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As you know, C programming language doesn’t have any built-in dictionary. There are plenty of implementation such as Apache APR and so on. But let’s build a simple one to know whats going on in the background.

We are going to implement a library which support creating dictionary and manipulating its items easily.

Basic implementation

Well, first we list our basic functions which are responsible to work with dictionary directly:

void dict_add_item(dict* d, char* key, char* value);
void dict_update_item(dict* d, char* key, char* value);
void dict_del_item(dict* d);
void dict_print(dict* d);

We store dictionary data in a struct :

typedef struct Dict {
    char *key;
    char *value;
} dict;

Required libraries are stdio.h , stdlib.h, string.h .

Let’s Implement dict_add_item function which is responsible to allocate memory and add passed data to created dictionary:

void dict_add_item(dict* d, char* key, char* value) {
    d->key = malloc(sizeof(char) * strlen(key));
    d->value = malloc(sizeof(char) * strlen(value));
    strcpy(d->key, key);
    strcpy(d->value, value);
}

Now, implement dict_update_item function which is responsible to update dictionary data and if it has different value size, it will reallocate the allocated memory:

void dict_update_item(dict* d, char* key, char* value) {
    if (strlen(d->value) != strlen(value)) {
        free(d->value);
        d->value = malloc(sizeof(char) * strlen(value));
    }
    strcpy(d->value, value);
}

Now, implement dict_del_item function which is responsible to destroy a dictionary and free allocated memory:

void dict_del_item(dict* d) {
    free(d->key);
    free(d->value);
}

Finally, implement dict_print function which is responsible to print dictionary like Python print function:

void dict_print(dict* d) {
    printf("{ %s: %s }\n", d->key, d->value);
}

Now let’s test our code by some sample data:

int main() {
    dict test;
    dict_add_item(&test, "name", "Sara");
    dict_print(&test);

    dict_add_item(&test, "name", "Mike");
    dict_print(&test);

    dict_del_item(&test);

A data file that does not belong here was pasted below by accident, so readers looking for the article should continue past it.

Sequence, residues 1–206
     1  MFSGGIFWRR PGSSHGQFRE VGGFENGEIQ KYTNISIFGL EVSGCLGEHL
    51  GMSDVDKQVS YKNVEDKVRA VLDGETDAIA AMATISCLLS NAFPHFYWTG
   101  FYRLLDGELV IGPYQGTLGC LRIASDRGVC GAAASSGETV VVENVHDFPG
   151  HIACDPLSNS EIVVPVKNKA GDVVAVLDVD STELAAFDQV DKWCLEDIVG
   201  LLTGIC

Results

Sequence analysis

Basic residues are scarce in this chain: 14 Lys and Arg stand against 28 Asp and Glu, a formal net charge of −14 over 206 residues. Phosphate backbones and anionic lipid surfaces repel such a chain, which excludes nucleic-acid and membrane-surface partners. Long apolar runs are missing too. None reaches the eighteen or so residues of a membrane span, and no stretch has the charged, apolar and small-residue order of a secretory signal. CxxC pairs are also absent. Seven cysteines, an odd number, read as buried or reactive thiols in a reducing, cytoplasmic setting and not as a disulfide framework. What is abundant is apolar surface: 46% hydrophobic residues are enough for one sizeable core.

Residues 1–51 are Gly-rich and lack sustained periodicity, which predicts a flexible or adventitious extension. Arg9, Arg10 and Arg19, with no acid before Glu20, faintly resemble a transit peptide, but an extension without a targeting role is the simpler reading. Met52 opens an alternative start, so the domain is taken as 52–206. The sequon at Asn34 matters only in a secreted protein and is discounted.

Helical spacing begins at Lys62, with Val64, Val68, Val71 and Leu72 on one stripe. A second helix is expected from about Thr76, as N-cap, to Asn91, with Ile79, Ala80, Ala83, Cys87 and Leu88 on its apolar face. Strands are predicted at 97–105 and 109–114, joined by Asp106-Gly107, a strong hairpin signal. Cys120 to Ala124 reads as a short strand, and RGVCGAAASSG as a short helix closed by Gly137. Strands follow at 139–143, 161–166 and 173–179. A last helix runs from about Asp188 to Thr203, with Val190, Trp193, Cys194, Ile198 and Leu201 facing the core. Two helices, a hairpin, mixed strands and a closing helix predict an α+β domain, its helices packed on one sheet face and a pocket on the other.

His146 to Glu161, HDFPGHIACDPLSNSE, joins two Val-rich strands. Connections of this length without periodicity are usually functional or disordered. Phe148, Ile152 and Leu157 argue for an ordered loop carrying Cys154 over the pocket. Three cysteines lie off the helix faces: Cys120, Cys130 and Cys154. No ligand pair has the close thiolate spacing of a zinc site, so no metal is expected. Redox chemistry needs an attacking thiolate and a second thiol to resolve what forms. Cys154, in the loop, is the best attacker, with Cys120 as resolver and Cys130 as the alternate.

dict_print(&test);
}

Output:

{ name: Sara }
{ name: Mike }
{ : �fk��U }

Note: last line is nonsence because we released (free) the allocated area in memory.

So, it’s complete source code of part 1:

#include <stdio.h>
#include <stdlib.h>
#include <string.h>

typedef struct Dict {
    char *key;
    char *value;
} dict;

void dict_add_item(dict* d, char* key, char* value) {
    d->key = malloc(sizeof(char) * strlen(key));
    d->value = malloc(sizeof(char) * strlen(value));
    strcpy(d->key, key);
    strcpy(d->value, value);
}

void dict_update_item(dict* d, char* key, char* value) {
    if (strlen(d->value) != strlen(value)) {
        free(d->value);
        d->value = malloc(sizeof(char) * strlen(value));
    }
    strcpy(d->value, value);
}

void dict_del_item(dict* d) {
    free(d->key);
    free(d->value);
}

void dict_print(dict* d) {
    printf("{ %s: %s }\n", d->key, d->value);
}

int main() {
    dict test;
    dict_add_item(&test, "name", "Sara");
    dict_print(&test);

    dict_add_item(&test, "name", "Mike");
    dict_print(&test);

    dict_del_item(&test);
    dict_print(&test);
}

This code works fine, but it doesn’t satisfy us. Because we are looking for a dictionary which provided multiple keys and values like this:

{"name": "Sara", "age": "27", "email": "[email protected]"}

But our code provides just one key/value as we’ve seen.

In the next section I will explain and implement how to provide this facility.

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